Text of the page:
Robotic Process Automation (RPA) can be used to automate tasks by mimicking human interactions over several Host systems like web, desktop applications and thin clients; ERP in particular and Citrix-like remote environments. ERP is an area where RPA can be applied at scale and the benefits of the technology can be realized quickly. Some of the use cases involving RPA in SAP can be seen here and here. SAP is the world’s most deployed ERP application. ERP systems like SAP are ideal systems for RPA primarily because processes have already been engineered, digitized and most of what is left to do is to feed data to the system. This data feed normally takes place by way of manually entering data, copying and pasting data or uploading data from input files. With RPA several such processes of the ERP system can be automated. The question now has come down to this: Is this activity the same whether done by Humans or by Bots? Let us try and make sense of this by analyzing recent events, specifically in the context of SAP.
SAP has introduced new licensing norms also generically called as SAP ‘Indirect Access’. In a whitepaper it released in 2017, SAP describes “Indirect Access” as use which occurs by way of a non-SAP front-end or non-SAP intermediary software. The new digital landscape of bots, machine learning, and AI has possibly prompted SAP to move away from user-based licensing to an outcomes-based model related to customer’s use of the SAP system. According to the new licensing, charges will be levied according to the number of documents created in the SAP system and the categories these document types fall into; the 9 categories being Sales, Invoice, Purchase, Service & Maintenance, Manufacturing, Quality, Time, Financial and Material. Only documents created will be charged. Documents updated and accessed won’t be charged. Customers can purchase a bundle depending on the quantity of documents they are expected to create. This introduces transparency in its pricing. More importantly, SAP’s new announcement will reduce ambiguity around Indirect Access Usage. One of SAP’s customer, Diageo got entangled in a legal lawsuit with SAP as it had made use of custom integrations to provide access to the SAP system through the Salesforce application to its staff and customers. Diageo maintained that this was well within what was covered in the SAP licenses. However, SAP argued such indirect access required a fee to be paid for named users and SAP won. SAP was quick to understand that not just Diageo but many of its other customer’s would be faced with ambiguity over ‘Digital Access’. Many had already started to test bots and other software that reduce functionality gaps and ease the demand of complex UI interactions. The nuanced legalities would force customers to review their interface environments and understandably cause lividness.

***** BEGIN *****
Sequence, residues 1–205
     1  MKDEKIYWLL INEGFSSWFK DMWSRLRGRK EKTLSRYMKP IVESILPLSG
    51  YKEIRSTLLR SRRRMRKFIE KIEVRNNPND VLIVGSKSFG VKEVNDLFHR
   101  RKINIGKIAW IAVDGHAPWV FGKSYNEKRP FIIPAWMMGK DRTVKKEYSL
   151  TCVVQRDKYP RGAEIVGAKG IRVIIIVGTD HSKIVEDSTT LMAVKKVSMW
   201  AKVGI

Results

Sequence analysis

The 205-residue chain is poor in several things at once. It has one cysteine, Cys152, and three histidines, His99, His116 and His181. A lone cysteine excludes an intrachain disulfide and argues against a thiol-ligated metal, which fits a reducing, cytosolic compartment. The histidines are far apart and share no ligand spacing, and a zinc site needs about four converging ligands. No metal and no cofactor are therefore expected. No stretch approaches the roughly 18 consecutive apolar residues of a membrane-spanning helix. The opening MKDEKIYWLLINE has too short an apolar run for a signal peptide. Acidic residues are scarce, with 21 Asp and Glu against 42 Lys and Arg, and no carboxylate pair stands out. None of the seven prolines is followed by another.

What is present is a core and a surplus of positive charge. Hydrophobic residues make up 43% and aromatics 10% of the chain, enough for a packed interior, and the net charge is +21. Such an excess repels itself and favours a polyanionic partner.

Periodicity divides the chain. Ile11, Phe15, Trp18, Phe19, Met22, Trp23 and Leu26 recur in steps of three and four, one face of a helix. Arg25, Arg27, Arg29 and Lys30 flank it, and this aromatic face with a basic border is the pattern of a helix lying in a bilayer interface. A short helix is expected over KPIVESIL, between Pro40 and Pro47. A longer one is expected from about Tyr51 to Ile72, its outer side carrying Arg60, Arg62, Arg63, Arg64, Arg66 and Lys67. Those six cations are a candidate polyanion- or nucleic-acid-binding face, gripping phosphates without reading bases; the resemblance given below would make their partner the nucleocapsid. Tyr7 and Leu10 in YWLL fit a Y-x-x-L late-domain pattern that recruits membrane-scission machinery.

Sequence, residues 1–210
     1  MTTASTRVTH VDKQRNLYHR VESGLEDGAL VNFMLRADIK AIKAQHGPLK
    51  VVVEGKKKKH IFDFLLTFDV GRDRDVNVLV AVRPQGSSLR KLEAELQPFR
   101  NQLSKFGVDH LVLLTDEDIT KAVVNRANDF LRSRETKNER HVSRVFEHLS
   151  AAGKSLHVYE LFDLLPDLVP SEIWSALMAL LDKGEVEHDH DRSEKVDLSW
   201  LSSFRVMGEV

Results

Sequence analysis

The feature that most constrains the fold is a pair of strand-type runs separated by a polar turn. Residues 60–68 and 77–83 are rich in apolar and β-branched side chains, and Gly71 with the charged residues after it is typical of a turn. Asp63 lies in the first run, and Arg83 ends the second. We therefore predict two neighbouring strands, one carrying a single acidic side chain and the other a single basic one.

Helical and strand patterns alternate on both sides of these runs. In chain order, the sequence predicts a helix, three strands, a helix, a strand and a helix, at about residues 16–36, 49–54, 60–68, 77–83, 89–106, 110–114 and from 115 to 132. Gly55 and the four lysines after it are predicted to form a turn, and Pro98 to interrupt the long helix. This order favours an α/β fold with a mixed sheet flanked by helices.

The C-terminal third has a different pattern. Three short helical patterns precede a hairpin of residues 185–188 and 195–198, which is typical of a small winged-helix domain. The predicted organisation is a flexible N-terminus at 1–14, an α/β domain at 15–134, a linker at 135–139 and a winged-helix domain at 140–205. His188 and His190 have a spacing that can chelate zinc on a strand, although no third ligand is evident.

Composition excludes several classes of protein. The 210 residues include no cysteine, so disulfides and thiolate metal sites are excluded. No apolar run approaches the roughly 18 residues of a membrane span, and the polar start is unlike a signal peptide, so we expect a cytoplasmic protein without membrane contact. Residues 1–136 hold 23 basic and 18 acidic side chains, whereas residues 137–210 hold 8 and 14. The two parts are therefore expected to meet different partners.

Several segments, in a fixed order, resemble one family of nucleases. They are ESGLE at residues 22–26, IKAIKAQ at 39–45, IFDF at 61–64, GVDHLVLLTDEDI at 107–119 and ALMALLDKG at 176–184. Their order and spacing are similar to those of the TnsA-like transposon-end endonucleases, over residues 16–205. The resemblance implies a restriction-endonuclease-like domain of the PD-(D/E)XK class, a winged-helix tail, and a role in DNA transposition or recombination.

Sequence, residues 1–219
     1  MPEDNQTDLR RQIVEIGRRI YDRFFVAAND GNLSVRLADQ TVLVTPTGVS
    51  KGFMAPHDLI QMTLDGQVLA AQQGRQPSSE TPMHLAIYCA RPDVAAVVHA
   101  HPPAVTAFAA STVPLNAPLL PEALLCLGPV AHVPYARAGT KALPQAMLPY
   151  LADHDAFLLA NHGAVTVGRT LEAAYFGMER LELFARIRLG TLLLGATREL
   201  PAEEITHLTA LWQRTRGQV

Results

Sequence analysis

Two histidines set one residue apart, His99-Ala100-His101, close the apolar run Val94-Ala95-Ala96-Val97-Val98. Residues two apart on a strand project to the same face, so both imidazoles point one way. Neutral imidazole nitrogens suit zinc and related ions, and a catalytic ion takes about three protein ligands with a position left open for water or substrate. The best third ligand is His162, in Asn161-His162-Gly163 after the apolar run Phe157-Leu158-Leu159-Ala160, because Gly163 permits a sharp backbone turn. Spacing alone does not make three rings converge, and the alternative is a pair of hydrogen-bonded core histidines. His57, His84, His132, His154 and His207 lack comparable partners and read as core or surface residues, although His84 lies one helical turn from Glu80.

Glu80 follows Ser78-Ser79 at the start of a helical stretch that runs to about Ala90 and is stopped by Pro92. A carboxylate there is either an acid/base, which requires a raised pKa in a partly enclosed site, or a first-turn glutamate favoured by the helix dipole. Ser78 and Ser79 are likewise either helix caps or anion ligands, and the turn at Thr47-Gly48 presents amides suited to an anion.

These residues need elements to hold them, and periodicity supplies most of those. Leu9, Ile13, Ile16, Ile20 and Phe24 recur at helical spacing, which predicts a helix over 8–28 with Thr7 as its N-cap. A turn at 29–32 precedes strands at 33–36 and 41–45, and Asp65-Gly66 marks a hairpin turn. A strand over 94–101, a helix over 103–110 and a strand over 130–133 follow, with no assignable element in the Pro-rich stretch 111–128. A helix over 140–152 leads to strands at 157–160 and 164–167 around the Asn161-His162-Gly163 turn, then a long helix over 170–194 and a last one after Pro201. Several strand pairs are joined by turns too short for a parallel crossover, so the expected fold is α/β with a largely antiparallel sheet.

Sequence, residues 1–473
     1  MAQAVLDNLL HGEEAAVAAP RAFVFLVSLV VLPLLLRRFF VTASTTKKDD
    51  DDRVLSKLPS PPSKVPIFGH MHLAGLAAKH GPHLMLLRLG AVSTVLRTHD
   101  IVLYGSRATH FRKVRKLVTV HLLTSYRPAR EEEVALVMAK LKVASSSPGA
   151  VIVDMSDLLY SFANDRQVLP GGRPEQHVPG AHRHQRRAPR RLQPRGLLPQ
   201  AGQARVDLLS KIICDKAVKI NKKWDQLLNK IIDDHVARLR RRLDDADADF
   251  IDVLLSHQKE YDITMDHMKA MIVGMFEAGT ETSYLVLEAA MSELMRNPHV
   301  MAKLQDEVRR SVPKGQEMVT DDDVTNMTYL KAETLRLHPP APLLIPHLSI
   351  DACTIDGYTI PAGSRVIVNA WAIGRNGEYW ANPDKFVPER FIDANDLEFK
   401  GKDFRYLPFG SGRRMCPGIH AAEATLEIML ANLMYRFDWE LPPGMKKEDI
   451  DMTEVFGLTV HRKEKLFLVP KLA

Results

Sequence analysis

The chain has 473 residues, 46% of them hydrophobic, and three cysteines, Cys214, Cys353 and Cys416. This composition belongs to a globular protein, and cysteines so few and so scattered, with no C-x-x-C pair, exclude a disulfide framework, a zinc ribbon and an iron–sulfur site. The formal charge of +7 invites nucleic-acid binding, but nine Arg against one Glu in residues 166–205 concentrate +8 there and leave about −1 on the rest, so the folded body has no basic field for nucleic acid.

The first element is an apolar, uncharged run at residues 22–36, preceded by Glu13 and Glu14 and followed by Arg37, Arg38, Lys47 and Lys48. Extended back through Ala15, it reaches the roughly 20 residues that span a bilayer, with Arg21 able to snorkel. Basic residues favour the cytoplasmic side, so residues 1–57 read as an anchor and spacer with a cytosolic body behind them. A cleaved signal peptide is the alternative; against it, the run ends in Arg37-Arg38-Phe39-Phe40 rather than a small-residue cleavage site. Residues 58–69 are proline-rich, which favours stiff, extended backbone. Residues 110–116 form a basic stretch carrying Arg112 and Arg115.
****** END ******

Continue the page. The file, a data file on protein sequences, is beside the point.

For Bots, it not just SAP that has licensing compulsions; a host of interacting applications also require licensing. RPA service providers will welcome the new licensing model which aims to remove any uncertainty around SAP digital access. It however doesn’t do away with the need to review the interface environment and have all things in place to face a licensing audit. All aspects of compliance will have to be considered before delivering an RPA Solution. From a performance monitoring perspective, it is interesting. With the SAP documents-based outcome model, it will be easier to measure the business impacts bots can have in achieving goals of reducing effort and error rate as the numbers are directly related to costs. Its will be easier to create metrics that assess the value the RPA solution provides. But then there are risks too. The new licensing model encourages firms to innovate in creating new ways to pipe their data from host applications to the SAP system. That developing such integrations is time-consuming, costly, demand more resources and difficult to maintain when compared to an RPA solution is another thing.
The new licensing model is not being thrust upon customers. SAP is looking for opt-ins. Those who don’t shall follow the regular user-based licensing with restrictions on digital access. RPA service providers will have to up the ante on their consultative engagements as there are many other pain points to consider rather than just be focused on creating bots that solve the immediate business problem. Many of SAP Processes come under the direct purview of regulatory assessment and compliance. The last thing any RPA service provider would need is a rejection of its solution for failing to be constrained by the boundaries defined by the licensing criteria.
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